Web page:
I’m resisting the urge to write volumes on the subject.
Because I could.
It’s that powerful.
It’s that game-changing.
It’s that essential. . .
To all that’s good in life.
But, I promise to keep it short and sweet.
Because the truths speak for themselves. . .
Four simple truths about gratitude
Gratitude is a choice. Living life with a grateful heart doesn’t always just happen–especially when life sucks. You may have to choose it-over and over and over again–even if it hurts, even if it doesn’t make sense. Because eventually, it will make sense. It will become part of your DNA. You’ll wonder how you could breathe without it.
Gratitude is self-pity’s kryptonite. Try feeling sorry for yourself and being truly grateful at the same time. It simply cannot be done. I know this because I’ve tried. More than once. And I’ve failed. Every. Single. Time.
A joyous life is absolutely impossible without gratitude. So is a peaceful one, or a content one, or a loving one, or a courageous one, or an abundant one. . . And you get the picture.
Practicing gratitude will save your life. I know this because it’s saved mine.
So what is stopping you,
Despite where your life may be at this moment,
From living your best life?
The one that includes you with a grateful heart. . . and a joyous soul.
As somebody once said, “There is always, always, always something to be grateful for.”
As I was listening to the choir sing a verse of “Silent Night” this morning in church, a tremendous feeling of peace washed over me. It was instantaneous, pretty awesome, and in fact, I swear it felt like the Holy Spirit was thumping me in the forehead and saying, “PEACE, DO YOU GET IT, C’MON!?” I felt myself take a deep, deep breath and just soaking up that amazing moment. In an instant, I was relaxed and just breathing, not something I do very well, ever. I wish I could bottle that feeling because it was I-N-C-R-E-D-I-B-L-E. Then, as if I didn’t really get the message, I came home and read this in an email. . .
“Where is this peace to be found? The answer is clear. In weakness. First of all, in our own weakness, in those places of our hearts where we feel most broken, most insecure, most in agony, most afraid. Why there? Because there, our familiar ways of controlling our world are being stripped away; there we are called to let go from doing much, thinking much, and relying on our self-sufficiency. Right there where we are weakest the peace which is not of this world is hidden.” ~Henry Nouwen
Powerful, powerful words. In our weakness, we find peace. . . and Lord knows I am weak.
As we hustle and bustle our way through the next couple of weeks of the Christmas season, my wish for you is that you find at least a moment of peace. May you find it through your brokenness, your insecurities, your agony, your “to-d0” list, and your fears. Let it wash over you like a gentle breeze and soak it in.
A friend and colleague shared an article recently about the things grieving people often experience. More specifically, the stuff nobody tells you, the messy stuff. You know, the stuff you really need to know that isn’t always in the neat little pamphlets that you get. It’s straight-forward, easy to read, and brilliant. The entire article,”64 Things I Wish Someone Had Told Me About Grief,” can be found here–http://whatsyourgrief.com/64-things-about-grief/ and it is WELL worth five minutes of your time to read, whether you are grieving or not. Any human being on this planet that lives long enough will experience loss and the subsequent grief that ensues. I highly recommend taking a look. You can never be too prepared to enter into the world of grief, trust me on that one.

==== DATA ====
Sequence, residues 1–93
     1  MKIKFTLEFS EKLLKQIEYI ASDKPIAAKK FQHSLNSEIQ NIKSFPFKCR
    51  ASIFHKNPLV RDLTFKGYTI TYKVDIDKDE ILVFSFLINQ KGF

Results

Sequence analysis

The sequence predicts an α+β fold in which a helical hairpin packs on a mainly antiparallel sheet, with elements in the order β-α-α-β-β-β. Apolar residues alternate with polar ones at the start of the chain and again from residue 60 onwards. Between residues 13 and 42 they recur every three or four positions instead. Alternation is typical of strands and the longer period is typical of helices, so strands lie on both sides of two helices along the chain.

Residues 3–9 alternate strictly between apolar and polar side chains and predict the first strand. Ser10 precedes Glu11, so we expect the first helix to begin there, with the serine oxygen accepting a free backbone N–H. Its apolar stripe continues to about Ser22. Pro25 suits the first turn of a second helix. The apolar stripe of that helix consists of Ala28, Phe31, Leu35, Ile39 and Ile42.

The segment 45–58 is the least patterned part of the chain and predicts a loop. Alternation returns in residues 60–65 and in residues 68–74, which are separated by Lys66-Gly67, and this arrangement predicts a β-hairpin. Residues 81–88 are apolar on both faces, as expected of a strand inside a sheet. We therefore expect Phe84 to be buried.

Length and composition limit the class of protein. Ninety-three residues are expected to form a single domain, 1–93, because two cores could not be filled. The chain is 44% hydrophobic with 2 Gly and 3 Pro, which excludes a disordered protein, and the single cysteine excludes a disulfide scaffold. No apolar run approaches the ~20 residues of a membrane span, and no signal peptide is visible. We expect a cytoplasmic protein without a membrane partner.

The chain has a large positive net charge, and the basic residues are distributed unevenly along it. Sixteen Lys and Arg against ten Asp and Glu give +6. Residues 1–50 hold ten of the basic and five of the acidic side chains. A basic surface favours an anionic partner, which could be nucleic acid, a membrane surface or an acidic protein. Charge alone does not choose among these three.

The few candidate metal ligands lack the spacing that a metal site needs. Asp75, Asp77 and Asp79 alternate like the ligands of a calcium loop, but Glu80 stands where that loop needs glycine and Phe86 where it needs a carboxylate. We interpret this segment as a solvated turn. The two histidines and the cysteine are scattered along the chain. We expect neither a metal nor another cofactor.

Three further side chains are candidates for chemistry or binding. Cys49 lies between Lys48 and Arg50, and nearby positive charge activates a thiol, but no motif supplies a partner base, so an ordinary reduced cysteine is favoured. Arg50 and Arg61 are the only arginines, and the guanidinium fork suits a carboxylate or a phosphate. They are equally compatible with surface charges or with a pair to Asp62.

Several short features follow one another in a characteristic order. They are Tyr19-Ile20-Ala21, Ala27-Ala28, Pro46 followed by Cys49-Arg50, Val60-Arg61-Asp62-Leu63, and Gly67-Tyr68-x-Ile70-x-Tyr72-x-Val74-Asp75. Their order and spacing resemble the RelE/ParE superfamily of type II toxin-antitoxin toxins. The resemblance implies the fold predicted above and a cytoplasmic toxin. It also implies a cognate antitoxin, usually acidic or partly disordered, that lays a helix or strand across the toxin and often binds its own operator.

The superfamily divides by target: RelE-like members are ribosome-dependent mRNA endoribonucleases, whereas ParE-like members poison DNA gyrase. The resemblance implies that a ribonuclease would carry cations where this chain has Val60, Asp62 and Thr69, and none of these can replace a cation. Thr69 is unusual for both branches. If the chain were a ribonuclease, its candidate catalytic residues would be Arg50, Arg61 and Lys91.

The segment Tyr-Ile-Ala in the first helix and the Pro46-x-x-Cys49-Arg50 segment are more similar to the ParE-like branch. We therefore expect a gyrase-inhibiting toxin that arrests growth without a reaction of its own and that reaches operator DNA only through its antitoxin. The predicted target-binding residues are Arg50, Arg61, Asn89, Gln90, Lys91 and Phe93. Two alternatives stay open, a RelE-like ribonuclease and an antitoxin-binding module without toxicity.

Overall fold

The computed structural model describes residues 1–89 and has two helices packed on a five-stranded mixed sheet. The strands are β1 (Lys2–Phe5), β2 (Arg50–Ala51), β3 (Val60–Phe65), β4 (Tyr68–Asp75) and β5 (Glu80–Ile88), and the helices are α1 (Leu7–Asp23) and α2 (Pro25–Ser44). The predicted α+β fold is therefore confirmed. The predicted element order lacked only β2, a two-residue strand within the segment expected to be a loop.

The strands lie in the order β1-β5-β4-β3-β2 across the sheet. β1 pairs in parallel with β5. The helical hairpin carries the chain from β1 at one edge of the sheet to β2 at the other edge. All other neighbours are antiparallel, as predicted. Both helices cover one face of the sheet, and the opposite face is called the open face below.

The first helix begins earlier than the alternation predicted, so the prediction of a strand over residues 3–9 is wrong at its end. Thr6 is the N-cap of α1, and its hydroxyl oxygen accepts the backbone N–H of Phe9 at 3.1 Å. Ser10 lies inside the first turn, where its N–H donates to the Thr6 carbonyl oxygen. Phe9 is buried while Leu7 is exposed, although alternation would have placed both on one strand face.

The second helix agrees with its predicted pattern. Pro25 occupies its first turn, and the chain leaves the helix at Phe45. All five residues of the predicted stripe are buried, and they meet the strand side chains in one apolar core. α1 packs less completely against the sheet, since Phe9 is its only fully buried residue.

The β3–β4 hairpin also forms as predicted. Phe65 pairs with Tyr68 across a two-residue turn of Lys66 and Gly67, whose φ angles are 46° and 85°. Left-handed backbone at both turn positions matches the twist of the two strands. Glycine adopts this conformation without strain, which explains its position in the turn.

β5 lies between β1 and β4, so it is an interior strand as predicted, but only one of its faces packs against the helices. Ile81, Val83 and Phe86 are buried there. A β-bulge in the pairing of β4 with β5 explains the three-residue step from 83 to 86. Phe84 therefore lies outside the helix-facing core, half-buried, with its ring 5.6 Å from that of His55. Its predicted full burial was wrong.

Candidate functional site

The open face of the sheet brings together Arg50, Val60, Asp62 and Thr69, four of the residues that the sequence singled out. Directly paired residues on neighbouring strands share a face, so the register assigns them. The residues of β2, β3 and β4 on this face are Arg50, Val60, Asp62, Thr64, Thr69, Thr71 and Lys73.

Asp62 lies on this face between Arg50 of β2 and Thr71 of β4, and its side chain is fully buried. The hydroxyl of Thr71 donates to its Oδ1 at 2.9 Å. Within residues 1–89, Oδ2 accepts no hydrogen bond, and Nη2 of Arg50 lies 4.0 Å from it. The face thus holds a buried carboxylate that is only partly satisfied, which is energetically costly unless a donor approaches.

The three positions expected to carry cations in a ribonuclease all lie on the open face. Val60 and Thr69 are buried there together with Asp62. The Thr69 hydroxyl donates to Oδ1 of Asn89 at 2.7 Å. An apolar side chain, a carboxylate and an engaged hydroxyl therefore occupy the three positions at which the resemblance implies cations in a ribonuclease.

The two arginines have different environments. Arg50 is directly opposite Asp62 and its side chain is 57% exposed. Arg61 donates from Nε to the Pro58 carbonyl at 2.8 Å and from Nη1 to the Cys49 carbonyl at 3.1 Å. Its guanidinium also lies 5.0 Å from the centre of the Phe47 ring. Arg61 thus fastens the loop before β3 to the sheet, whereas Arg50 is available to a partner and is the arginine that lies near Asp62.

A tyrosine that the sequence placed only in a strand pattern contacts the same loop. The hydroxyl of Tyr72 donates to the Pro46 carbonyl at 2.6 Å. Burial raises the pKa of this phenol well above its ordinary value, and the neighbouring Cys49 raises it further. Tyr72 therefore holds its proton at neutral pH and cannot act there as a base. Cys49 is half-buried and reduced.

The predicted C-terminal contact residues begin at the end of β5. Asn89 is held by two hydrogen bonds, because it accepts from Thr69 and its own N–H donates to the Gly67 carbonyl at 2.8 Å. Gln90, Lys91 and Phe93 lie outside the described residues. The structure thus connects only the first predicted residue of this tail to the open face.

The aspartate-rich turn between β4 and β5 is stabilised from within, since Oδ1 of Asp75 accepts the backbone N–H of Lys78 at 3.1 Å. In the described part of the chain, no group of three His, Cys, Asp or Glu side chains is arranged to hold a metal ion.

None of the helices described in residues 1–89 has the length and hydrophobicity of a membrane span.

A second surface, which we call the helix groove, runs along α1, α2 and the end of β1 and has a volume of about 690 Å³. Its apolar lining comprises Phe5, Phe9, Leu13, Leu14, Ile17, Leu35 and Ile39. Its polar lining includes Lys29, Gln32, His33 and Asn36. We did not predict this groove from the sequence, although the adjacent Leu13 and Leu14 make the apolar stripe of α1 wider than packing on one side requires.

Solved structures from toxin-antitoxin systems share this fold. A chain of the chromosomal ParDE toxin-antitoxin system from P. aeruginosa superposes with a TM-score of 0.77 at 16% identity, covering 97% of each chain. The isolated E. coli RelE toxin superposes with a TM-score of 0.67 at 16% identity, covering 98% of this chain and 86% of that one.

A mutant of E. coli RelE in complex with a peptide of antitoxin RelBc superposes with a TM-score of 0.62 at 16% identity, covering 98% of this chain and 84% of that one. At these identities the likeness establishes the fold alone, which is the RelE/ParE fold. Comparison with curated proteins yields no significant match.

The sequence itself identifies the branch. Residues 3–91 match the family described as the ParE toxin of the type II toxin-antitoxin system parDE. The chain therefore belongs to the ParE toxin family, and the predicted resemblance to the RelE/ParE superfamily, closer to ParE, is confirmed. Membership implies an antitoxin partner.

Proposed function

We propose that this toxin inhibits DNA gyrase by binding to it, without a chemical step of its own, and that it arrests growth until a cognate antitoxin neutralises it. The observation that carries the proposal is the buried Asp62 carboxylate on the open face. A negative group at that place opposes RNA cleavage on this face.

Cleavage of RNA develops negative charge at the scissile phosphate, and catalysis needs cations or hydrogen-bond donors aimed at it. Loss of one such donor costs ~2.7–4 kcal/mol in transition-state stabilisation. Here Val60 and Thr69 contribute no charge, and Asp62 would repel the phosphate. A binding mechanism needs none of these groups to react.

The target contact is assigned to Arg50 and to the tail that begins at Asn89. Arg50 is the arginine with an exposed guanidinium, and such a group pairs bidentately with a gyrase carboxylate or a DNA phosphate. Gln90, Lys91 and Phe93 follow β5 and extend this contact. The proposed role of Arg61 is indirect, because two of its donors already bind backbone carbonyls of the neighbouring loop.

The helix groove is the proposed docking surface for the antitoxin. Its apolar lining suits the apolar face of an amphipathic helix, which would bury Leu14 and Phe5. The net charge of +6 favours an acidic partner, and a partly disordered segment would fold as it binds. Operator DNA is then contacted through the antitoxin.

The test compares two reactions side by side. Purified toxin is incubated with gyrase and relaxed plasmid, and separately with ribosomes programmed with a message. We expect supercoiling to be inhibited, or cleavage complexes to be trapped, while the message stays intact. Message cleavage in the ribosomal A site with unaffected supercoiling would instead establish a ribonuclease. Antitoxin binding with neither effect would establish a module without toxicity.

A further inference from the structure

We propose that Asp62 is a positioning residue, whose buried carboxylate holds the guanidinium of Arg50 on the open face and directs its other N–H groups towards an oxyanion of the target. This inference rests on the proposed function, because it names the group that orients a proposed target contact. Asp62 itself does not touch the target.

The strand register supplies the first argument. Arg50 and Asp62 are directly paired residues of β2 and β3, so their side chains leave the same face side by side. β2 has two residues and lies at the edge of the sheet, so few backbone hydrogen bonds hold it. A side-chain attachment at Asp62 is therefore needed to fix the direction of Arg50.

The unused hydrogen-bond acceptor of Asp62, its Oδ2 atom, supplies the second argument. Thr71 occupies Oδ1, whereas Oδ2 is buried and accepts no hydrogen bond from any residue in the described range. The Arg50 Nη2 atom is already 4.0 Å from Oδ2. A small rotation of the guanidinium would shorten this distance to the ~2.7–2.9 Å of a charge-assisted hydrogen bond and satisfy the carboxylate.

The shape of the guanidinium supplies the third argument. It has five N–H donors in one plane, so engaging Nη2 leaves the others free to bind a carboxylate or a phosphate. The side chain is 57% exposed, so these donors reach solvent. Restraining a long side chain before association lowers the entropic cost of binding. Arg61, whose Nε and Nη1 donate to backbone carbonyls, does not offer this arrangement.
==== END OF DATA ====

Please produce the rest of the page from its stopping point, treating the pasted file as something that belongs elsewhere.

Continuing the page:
So often society seems to get caught up in the “if onlys” and the “shoulda, woulda, coulda’s” when it comes to grieving. For instance, “You should, be over that by now” or “You would be over that by now if only you would _____,” or “You could be over that by now if only you could just let go.” And while most people are not ill-intentioned when trying to offer help, to a grieving person (well, me for sure) those comments often sound like the adult voices on Charlie Brown, you know, “whah, whah, whah. . .” (Sorry to digress, but humor now and then is essential when grieving. Here’s the link to check it out if you aren’t sure what I mean or just want to reminisce http://www.youtube.com/watch?v=ss2hULhXf04.) Grief is simply not that simple. You don’t just get over it. You don’t just let go. Closure doesn’t automatically happen because a socially allotted amount of time has passed or because a perpetrator goes to jail. Everyone grieves in their own time, in their own way. Grief cannot not be put into a neat little box. We each have to figure out a way to weave the pain of our losses into the tapestry of our life stories, even if it is only one tiny thread at a time. Then, we need to figure out how to move forward or as #58 on the list says “get used to it.” I couldn’t agree more with that terminology because “getting used to it” is about all we can do some days. In fact, there wasn’t a single thing on the list that I couldn’t relate to or agree with on some level. . .
#2- Stop avoiding and be present. Being present is ABSOLUTELY one of the hardest things to do when you are grieving. Being present means you have to acknowledge your pain and quite frankly, that sucks! BIG TIME. Unfortunately, healing can’t take place in the past or in the future, it has to happen in the now. FYI: This one becomes harder to do as the numbness of early grief wears off. Work on staying present in small doses at first because it is difficult. But, keep trying. Work on it. I make staying present an intentional part of my day, every single day.
#9- Death and grieving make people uncomfortable, so be prepared for awkward encounters.People will avoid the subject and maybe even you. I am ashamed to say that I have done this in the past to others when I should have reached out. It is totally okay if you don’t know what to say. Most times just a simple “I’m sorry for your loss” and a hug will do.
#16 and #17- There is no such thing as closure. There is no timeline for grieving. You can’t rush it. You will grieve, in some form, forever. Not much to add here except that, it’s okay to not close that door. Loss is part of life. We don’t expect closure on the good things in life, so why do we expect it when life’s difficulties arise? We don’t need to worry about closing those doors, we need to figure out how to make our losses part of our story without continually living in the past. It’s SO hard to find the balance between the memories and moving forward. It takes work to arrive at some form of acceptance. Do it in your own time.